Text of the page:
Marc Kudisch will appear in Arlington, Virginia’s Signature Theatre’s Sizzlin’ Summer Cabaret on August 1 and 2.
Something exceedingly rare happened at Feinstein’s Sunday night. Marc Kudisch, known for his larger than life musical theater characterizations, achieved a level of intimacy with a cabaret audience hardly ever witnessed (or experienced) by this reviewer. Without tuning down an impressive stage authority or reigning in the vocal luster of his formidable baritone, Kudisch took on the aspect of a warm, friendly (unusually talented) neighbor. The performer had a packed house-locals and tourists alike- so completely captivated they were either library silent, laughing, applauding, or answering back aloud. Mothers wanted to give him their daughters- or themselves, men wanted to bond.
Supported by a wide variety of tangy arrangements and a beautifully written, mostly affectation free monologue, Kudisch leads us though his discovery of theater, vocal influences, and a sampling of the journey so far. The show’s title and beautifully performed opening, What Makes Me Tick, is a Michael John LaChiusa song cut from The Wild Party. It’s a decidedly dark lyric in which the character, Jackie, whom Kudisch played, lucidly expounds on his lascivious, amoral behavior. The author decided if Jackie understood what he was doing from the beginning, there would be nowhere to go. “How often do we treat ourselves as the characters we play in life, examining our own lives?” asks Kudisch, explaining the evening’s premise.
Musical childhood memories include a rousing, full throated Blood, Sweat and Tears song, Jerry Bock and Sheldon Harnick’s iconic “Tradition”—Fiddler on the Roof which he thought was written exclusively for Passover (and longs to perform as Tevye), and “Puff the Magic Dragon” (Leonard Lipton/Peter Yarrow) with lovely rolling piano accompaniment. The numbers are as different as they can be. Each is allowed sufficient space to breathe, evoke our own history, and show off the performer’s surprising range.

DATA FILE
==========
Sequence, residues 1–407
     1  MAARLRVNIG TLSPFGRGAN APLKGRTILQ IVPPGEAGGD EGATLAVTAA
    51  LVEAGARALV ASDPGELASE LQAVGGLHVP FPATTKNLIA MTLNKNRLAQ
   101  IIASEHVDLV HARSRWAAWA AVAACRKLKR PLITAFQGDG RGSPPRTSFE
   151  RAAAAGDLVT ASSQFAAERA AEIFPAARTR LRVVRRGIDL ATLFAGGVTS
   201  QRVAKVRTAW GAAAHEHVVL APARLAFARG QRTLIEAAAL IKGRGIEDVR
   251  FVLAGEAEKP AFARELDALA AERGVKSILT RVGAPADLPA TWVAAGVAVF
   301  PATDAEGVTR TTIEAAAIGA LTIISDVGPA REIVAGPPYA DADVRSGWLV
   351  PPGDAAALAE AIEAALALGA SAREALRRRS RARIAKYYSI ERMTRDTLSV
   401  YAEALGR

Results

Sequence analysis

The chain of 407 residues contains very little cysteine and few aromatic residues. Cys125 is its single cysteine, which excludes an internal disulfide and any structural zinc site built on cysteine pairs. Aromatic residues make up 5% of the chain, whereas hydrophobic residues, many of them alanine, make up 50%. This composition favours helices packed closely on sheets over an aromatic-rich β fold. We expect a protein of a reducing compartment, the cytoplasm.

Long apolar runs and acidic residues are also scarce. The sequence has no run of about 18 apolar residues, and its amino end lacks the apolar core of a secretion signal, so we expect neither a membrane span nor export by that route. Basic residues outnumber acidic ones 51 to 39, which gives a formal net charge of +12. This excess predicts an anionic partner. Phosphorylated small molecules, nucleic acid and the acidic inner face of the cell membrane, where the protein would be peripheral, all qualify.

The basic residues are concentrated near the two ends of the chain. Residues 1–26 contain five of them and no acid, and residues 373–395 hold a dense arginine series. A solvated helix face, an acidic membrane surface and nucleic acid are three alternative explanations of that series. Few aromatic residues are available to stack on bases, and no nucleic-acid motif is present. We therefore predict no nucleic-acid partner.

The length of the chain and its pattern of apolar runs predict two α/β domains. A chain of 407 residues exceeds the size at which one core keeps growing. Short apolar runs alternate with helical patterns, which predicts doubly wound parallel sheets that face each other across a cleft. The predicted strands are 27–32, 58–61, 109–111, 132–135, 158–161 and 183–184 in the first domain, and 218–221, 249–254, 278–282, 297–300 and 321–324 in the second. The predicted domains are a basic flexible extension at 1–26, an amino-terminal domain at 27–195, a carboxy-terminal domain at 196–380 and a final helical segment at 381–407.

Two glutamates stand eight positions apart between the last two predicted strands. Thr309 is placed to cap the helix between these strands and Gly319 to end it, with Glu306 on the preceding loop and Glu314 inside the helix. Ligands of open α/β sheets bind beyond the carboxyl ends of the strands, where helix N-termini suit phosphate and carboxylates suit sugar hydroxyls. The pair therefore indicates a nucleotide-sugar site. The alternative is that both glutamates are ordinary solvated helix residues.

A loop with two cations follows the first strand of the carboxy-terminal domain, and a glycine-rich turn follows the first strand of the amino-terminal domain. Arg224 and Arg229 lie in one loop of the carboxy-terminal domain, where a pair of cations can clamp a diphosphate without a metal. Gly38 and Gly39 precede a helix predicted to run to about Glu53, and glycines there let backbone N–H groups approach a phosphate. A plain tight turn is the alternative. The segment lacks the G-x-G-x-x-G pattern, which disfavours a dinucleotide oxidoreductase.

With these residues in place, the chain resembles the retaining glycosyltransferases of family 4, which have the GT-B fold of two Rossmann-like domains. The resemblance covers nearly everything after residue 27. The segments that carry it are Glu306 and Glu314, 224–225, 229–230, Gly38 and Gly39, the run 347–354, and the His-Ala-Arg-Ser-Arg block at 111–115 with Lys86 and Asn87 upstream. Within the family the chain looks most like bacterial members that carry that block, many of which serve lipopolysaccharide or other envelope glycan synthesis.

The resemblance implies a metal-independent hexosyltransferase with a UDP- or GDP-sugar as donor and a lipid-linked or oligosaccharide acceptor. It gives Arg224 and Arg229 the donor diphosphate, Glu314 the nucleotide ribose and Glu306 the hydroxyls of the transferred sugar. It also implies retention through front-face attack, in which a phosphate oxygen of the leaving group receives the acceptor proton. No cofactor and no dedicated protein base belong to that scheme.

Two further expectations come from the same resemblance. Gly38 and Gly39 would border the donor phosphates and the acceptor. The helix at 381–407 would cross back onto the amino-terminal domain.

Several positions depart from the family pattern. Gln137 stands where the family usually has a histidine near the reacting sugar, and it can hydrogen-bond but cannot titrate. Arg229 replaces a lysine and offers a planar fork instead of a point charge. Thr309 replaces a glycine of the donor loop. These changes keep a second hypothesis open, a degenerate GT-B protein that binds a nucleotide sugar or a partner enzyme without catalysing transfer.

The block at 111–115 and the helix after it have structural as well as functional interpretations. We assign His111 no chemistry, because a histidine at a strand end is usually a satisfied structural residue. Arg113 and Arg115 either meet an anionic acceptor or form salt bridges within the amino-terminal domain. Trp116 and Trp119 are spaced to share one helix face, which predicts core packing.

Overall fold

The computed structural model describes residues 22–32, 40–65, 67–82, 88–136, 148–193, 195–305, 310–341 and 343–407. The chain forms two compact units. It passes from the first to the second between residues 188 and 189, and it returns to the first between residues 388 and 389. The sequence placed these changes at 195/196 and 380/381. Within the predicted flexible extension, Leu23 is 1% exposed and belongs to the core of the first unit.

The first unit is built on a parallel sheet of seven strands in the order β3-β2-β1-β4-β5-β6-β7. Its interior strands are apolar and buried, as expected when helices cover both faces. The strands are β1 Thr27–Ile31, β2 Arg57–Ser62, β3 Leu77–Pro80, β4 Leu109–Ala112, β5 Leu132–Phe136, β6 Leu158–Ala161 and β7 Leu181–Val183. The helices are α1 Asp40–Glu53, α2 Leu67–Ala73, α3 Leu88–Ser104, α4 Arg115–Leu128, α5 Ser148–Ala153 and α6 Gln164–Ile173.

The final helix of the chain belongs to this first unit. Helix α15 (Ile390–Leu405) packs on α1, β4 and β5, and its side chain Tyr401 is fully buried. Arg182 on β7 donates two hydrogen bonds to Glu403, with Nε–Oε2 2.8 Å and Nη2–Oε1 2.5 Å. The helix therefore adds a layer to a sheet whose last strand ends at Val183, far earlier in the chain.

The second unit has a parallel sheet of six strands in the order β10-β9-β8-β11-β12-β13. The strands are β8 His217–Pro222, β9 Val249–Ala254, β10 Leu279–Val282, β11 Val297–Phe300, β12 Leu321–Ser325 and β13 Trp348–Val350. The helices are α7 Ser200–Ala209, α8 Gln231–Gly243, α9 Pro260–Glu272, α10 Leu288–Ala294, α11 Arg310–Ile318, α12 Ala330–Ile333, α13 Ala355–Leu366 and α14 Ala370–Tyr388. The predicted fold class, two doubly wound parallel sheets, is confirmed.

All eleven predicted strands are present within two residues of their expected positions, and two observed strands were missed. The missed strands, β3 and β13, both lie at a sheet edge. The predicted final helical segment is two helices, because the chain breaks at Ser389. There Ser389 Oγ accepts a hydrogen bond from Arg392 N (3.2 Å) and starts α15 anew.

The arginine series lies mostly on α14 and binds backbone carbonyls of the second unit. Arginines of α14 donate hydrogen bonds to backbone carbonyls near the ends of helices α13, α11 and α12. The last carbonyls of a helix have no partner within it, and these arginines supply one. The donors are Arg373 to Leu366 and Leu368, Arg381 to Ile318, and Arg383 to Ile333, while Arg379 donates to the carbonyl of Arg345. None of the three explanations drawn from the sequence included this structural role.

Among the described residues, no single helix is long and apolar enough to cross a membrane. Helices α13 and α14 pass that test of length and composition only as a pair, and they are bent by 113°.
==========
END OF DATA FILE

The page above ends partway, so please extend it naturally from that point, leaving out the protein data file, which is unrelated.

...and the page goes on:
With ambitions combining the careers of Carl Sagan and Houdini, Kudisch was constantly grounded for acting out. Confined to a room without television or radio, he discovered his mother’s old 45rpm and 78rpm records and lifelong heroes Sammy Davis Jr., Elvis Presley and Harry Belafonte. A smooth, light-touch rendition of Davis Jr.’s “Candy Man” (Leslie Bricusse/ Anthony Newley) is followed by Elvis Presley’s whomping “That’s All Right Mama” (Arthur Crudup) on which Kudisch solidly plays guitar. Heat rises from the stage as his voice and hips slip-slide through the insinuating lyrics. Next is the traditional Jamaican “Day-O, or “The Banana Boat Song” replete with appropriate accent and inflection. He and his top notch band, who offer friendly, humorous back-up, are obviously having a helluva time. It’s infectious. Clearly we’re on a rollercoaster ride. Often preferring more thematic shows, I find myself whipping along with the wind in my hair wearing a big smile.
“Finally, in my mother’s chest, there was a Broadway Album, A Funny Thing Happened on the Way to the Forum (Stephen Sondheim). For Kudisch’s version of “Bring Me My Bride,” originally sung by warrior captain, Miles Gloriosus (imagine a cartoon super hero in a Grecian tunic,) he has us picturing “an eight year old pear-shaped kid” belting out: Come, bring to me my bride/My lust for her no longer can be denied/Convey the news!/I have no time to lose: There are towns to plunder, temples to burn and women to abuse. It’s irresistibly funny. “That’s when I learned who Stephen Sondheim was.”